SA cyclist wins ‘influential woman’ award

6 August 2013

South Africa’s Ashleigh Moolman Pasio is currently ranked 14th in the world, the highest position ever achieved by an African road cyclist.

Her excellence was recently recognised when she was named “Africa’s Most Influential Woman in Sport” by the annual publication SA’s Most Influential Women in Business and Government.

Other semi-finalists in the sports’ category included Olympic sprint canoeist Bridgitte Hartley, hockey player Bernadette Coston and triathlete Kate Roberts.

The awards are aimed at celebrating the excellence of women in the business world and government institutions.

For Moolman Pasio, the award is both an honour and a responsibility.

“I’m truly honoured to be recognised like this,” she said in a statement on Sunday.

‘Fighting for local, global recognition’

“Women’s road cycling fights a constant battle for recognition both locally and globally. For a cyclist to be given this award is one amazing pat on the back, for me personally and for women’s cycling in general.”

Moolman Pasio races internationally for the Lotto Belisol professional team, which is based in Belgium.

Her home team in South Africa is the Momentum Toyota team, which is a success story on its own, having produced all three South African Olympians in London last year, just three years after its inception.

“I’m not sure who nominated me for the award, but I do appreciate it,” she said.

“The process involved answering questions that related to my sport as well as the key areas such as role model responsibilities, creating awareness of my sport, social responsibility elements and obviously the importance of pursuing world class performance.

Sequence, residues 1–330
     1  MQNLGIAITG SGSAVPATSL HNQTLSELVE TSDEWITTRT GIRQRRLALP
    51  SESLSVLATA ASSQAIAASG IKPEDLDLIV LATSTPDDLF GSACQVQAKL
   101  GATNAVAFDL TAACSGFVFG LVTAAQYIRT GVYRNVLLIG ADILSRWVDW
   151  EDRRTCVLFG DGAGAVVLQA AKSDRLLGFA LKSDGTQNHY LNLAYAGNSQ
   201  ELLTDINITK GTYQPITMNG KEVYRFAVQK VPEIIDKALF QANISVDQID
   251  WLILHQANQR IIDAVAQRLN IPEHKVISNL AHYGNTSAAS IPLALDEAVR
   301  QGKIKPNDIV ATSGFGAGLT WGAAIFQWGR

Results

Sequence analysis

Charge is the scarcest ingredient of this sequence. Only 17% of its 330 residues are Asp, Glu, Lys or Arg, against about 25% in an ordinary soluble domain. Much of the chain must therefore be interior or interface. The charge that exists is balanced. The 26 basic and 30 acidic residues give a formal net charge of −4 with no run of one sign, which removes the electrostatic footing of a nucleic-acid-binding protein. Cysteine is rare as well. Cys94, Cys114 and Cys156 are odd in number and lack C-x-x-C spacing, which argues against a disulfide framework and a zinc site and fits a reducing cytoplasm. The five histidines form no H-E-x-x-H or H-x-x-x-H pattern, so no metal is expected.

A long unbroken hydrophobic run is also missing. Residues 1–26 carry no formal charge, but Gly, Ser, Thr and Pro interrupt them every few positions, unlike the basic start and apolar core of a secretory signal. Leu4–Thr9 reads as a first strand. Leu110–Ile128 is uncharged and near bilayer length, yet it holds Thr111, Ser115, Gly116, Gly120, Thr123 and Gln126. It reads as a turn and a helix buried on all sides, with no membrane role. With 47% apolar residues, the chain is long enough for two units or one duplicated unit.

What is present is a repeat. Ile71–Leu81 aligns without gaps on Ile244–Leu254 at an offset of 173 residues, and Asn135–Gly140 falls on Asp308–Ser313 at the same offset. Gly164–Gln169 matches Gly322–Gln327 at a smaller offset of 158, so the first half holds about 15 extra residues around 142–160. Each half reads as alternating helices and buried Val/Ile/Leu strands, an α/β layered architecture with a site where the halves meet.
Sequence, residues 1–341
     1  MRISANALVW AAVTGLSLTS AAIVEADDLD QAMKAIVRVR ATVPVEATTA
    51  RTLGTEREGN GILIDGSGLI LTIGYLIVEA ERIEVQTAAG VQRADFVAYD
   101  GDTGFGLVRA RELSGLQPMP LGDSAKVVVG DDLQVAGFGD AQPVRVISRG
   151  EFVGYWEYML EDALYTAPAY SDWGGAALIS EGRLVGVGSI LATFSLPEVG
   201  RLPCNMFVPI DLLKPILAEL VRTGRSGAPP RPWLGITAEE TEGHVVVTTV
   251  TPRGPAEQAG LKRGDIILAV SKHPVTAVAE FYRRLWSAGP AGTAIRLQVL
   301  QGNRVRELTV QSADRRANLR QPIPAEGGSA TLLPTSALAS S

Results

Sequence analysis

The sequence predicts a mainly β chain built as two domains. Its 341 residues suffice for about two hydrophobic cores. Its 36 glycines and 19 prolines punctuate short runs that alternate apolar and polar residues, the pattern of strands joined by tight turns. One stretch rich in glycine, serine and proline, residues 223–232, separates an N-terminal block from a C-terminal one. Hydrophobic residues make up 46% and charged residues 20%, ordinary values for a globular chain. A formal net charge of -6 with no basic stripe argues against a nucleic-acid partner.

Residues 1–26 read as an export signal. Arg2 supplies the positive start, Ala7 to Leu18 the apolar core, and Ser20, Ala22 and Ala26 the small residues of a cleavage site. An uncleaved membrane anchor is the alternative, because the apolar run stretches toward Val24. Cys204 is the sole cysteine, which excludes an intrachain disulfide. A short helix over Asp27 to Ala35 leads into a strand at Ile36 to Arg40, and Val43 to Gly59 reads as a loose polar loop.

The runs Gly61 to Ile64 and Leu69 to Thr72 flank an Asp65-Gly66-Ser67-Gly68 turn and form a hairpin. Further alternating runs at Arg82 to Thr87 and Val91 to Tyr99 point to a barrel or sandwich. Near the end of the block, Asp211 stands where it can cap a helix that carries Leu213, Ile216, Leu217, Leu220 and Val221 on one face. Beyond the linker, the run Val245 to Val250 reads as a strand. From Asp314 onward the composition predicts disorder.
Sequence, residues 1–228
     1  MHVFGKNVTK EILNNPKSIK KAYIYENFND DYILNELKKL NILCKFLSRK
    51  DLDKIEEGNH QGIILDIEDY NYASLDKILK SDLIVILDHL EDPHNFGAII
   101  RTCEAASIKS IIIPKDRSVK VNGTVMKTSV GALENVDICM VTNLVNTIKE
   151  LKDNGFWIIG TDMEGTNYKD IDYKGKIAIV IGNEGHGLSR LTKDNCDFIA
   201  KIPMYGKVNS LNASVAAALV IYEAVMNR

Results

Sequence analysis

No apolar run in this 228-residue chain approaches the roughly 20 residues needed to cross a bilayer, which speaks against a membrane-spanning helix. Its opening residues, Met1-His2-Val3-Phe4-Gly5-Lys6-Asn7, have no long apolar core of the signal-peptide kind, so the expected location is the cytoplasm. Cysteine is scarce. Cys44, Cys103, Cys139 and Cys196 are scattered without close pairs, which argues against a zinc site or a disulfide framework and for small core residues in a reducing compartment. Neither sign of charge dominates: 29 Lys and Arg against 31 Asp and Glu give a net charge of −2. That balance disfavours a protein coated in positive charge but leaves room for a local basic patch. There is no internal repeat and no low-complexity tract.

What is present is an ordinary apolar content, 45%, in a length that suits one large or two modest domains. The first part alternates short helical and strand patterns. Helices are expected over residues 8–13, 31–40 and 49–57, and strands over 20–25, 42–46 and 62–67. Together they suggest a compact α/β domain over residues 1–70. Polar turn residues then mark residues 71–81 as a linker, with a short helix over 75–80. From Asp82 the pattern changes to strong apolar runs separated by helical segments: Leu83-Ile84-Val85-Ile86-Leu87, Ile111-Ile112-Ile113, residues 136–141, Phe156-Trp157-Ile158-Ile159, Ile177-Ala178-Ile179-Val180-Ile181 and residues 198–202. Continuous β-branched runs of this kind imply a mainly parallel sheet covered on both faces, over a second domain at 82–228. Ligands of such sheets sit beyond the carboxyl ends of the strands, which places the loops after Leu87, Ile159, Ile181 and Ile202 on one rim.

“I was then informed that I was a semi-finalist and did a video interview. Thereafter I was named as one of two finalists. The other was Bridgitte Hartley, Olympic bronze medallist in canoeing.

“It was a very comprehensive process, which gives the award a high level of credibility. It’s great to see this kind of recognition specifically aimed at women in Africa,” said the 27-year-old.

Moolman Pasio sees the greater significance of recognition such as this, not only for women’s cycling, but for women’s sport.

Finding a bigger purpose

“It’s nice to think of my cycling as having a bigger purpose. Personal success is important, but while it’s currently my main focus, it’s not my main purpose. I constantly try to act as an agent of positive change, sharing my stories and lessons with juniors, whenever I can,” she explained.

“Recognition like this also confirms I’m doing some things right. This motivates me even more to continue to do what I’m doing. The more you achieve, the greater your influence.

“My mantra is: attitude, values, vision, which really translates to the importance of a positive attitude, while staying true to your values and keeping an eye on your goal and the bigger picture, and, of course, being able to adjust your vision when things don’t quite go to plan,” she said.

For Moolman Pasio, the award adds some impetus to an empowerment project she has been developing, which is aimed at helping make the journey to international sporting success a more defined one for talented young sportswomen.

“I would love to actively take part in this but currently, I have to focus on my own objectives. Once I’m a top-10 cyclist in the world, my influence will be much greater than being South Africa’s top cyclist,” she said.

“We are extremely proud of Ashleigh, both in her racing success and the recognition she is gaining outside of cycling,” said co-founder of the Momentum Toyota women’s racing team, Andrew McLean.

“Some athletes just grab opportunities and make the most of them. Ashleigh is one of those athletes. It’s fantastic to see her reaping the rewards of hard work and commitment. I’m sure she still has a great deal more to achieve and offer.”

SAinfo reporter